Los Angeles Moves to Become Even More Dystopian


August 19, 2022

By Dale Wilcox

Los Angeles, California, has been going down a dark path for a long time, but its latest move to remove citizenship requirements for government jobs may cement the city’s reputation as a dystopian nightmare.

The Los Angeles City Council voted unanimously late last month to no longer require citizenship in order to hold government jobs. The vote was not preceded by any debate or discussion, according to reports. This move represents another death knell for a once-beautiful city that represented the best America had to offer.

Over the past couple of years, the city’s murder rate has risen 35 percent, while the number of homeless residents has increased by the tens of thousands. Since taking office after the 2020 elections with support from George Soros, District Attorney George Gascon has let crime run rampant in his city, and made supporting illegal aliens a key part of his political platform. He has boasted of his refusal to prosecute illegal aliens who commit crimes, instead releasing them into the local community. Gascon was previously the District Attorney of San Francisco during the Kate Steinle case, where Steinle tragically died from the actions of an illegal alien who had previously been deported five times.

Despite the disastrous results of these policies, Los Angeles is doubling down on anti-borders insanity. It’s hard to think of a bigger betrayal of the city’s dwindling (but, still large) number of law-abiding citizens than forcing them to be represented by noncitizens, especially those who are in the country illegally. It is a legitimate question whether people in the nation illegally can be relied upon to faithfully enforce that nation’s laws. However, even though Los Angeles is rapidly losing population, as is the entire state of California, those who have decided to stick it out will likely see their city even more overrun by illegal aliens and other noncitizens.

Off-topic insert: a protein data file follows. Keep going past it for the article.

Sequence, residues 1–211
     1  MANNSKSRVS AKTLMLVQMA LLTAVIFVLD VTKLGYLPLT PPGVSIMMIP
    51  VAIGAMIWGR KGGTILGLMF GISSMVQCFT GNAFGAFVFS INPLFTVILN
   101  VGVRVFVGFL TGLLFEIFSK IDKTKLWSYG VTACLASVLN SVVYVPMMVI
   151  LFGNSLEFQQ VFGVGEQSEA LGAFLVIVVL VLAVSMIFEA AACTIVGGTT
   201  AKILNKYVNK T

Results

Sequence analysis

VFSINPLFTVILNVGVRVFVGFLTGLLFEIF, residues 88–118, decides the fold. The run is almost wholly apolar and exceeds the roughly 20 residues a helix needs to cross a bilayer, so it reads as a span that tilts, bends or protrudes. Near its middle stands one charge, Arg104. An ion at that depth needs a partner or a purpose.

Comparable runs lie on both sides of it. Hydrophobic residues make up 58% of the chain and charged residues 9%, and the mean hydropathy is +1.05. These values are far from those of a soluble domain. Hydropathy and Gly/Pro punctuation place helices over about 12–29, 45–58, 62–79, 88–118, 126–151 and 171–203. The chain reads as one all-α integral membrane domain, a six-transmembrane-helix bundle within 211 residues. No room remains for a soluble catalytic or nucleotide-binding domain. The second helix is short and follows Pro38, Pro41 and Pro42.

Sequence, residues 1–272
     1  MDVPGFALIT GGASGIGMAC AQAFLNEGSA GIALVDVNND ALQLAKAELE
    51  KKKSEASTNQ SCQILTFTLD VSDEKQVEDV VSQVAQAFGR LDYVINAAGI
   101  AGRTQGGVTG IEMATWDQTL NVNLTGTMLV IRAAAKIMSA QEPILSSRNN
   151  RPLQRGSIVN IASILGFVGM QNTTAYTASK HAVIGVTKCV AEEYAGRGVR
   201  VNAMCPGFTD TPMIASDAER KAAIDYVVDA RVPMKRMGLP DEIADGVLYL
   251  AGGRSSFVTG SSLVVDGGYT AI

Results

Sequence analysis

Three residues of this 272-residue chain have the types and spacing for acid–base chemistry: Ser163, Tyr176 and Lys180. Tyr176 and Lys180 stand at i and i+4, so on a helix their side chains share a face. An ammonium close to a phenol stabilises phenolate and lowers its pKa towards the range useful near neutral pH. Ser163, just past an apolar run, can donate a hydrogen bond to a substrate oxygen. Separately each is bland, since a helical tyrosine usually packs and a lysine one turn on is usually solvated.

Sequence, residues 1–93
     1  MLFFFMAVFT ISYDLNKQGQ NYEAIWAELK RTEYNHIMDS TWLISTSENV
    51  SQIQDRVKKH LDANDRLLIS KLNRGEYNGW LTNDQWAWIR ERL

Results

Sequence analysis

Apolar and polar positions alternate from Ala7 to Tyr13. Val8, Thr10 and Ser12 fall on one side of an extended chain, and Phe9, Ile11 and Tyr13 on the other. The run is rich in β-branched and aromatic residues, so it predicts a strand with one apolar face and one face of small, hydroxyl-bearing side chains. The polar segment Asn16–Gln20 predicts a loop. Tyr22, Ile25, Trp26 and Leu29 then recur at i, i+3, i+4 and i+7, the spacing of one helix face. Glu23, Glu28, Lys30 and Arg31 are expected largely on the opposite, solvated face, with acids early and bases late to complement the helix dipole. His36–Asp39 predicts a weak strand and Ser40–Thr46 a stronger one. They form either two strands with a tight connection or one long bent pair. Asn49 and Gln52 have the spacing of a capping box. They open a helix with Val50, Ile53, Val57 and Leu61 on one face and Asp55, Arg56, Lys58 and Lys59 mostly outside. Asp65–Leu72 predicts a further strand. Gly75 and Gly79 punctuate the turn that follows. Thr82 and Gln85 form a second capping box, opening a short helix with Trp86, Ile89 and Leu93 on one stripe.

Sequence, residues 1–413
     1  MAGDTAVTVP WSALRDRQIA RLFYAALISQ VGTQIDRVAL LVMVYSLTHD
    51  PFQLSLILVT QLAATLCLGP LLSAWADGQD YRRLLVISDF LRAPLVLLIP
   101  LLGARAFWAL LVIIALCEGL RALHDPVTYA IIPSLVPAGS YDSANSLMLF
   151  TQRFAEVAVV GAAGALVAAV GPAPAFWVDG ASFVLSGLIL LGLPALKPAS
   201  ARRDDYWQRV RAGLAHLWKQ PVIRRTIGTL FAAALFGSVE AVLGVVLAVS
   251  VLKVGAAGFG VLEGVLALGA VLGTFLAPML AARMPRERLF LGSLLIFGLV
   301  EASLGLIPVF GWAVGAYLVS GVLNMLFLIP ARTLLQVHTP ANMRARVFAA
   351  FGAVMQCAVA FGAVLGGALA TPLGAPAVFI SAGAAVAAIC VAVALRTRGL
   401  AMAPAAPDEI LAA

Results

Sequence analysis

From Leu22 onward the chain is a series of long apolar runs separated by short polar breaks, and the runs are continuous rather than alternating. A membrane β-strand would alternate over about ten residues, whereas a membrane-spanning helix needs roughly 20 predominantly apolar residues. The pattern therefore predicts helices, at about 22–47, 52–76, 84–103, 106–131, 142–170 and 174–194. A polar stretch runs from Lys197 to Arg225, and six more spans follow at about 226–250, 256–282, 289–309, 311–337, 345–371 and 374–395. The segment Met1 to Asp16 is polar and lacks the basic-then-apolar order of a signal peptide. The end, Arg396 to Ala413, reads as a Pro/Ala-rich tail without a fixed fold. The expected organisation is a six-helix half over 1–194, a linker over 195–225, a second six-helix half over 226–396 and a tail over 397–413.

Societies are built upon the idea of a social contract. The most important aspect of the social contract is that it exists between citizens and their government. When governments attempt to cut noncitizens in on the deal, they inevitably take away resources and opportunities away from citizens, and society begins to unravel.

Societies are built upon the idea of a social contract. The most important aspect of the social contract is that it exists between citizens and their government.

That is exactly what’s happening in Los Angeles and across the state of California. It is the same reason why noncitizen voting, a trend that has accelerated in recent years, is so appalling. The Immigration Reform Law Institute is fighting back against laws that violate American sovereignty, including a recent New York law that would have allowed noncitizens to vote in local elections.

The Los Angeles resolution allowing noncitizens to vote has not received much national news coverage, but it should be deeply concerning to all Americans as more communities are likely to follow L.A.’s lead. As we’ve seen in the past on issues including noncitizen voting and sanctuary counties, when one woke city passes anti-border laws, others follow.

Noncitizens being allowed to hold office is the natural next step to allowing noncitizens to vote, and no one would be surprised to see resolutions like the one passed in Los Angeles become a trend. If it does, every effort possible must be made to fight back against it, in court, in state legislatures, and in the court of public opinion. What’s on the line is nothing less than a government of, for, and by the people. As Benjamin Franklin once said, we live in “a republic, if you can keep it.” If anti-borders activists get their way, we won’t.

The entire American experiment is built upon the timeless idea that we the people have the right to govern our affairs. In this case, “the people” means American citizens, not illegal aliens and other noncitizens. We must strive to keep it that way.

Dale L. Wilcox is executive director and general counsel for the Immigration Reform Law Institute, a public interest law firm working to defend the rights and interests of the American people from the negative effects of mass migration

Also published at Townhall, August 19, 2022.

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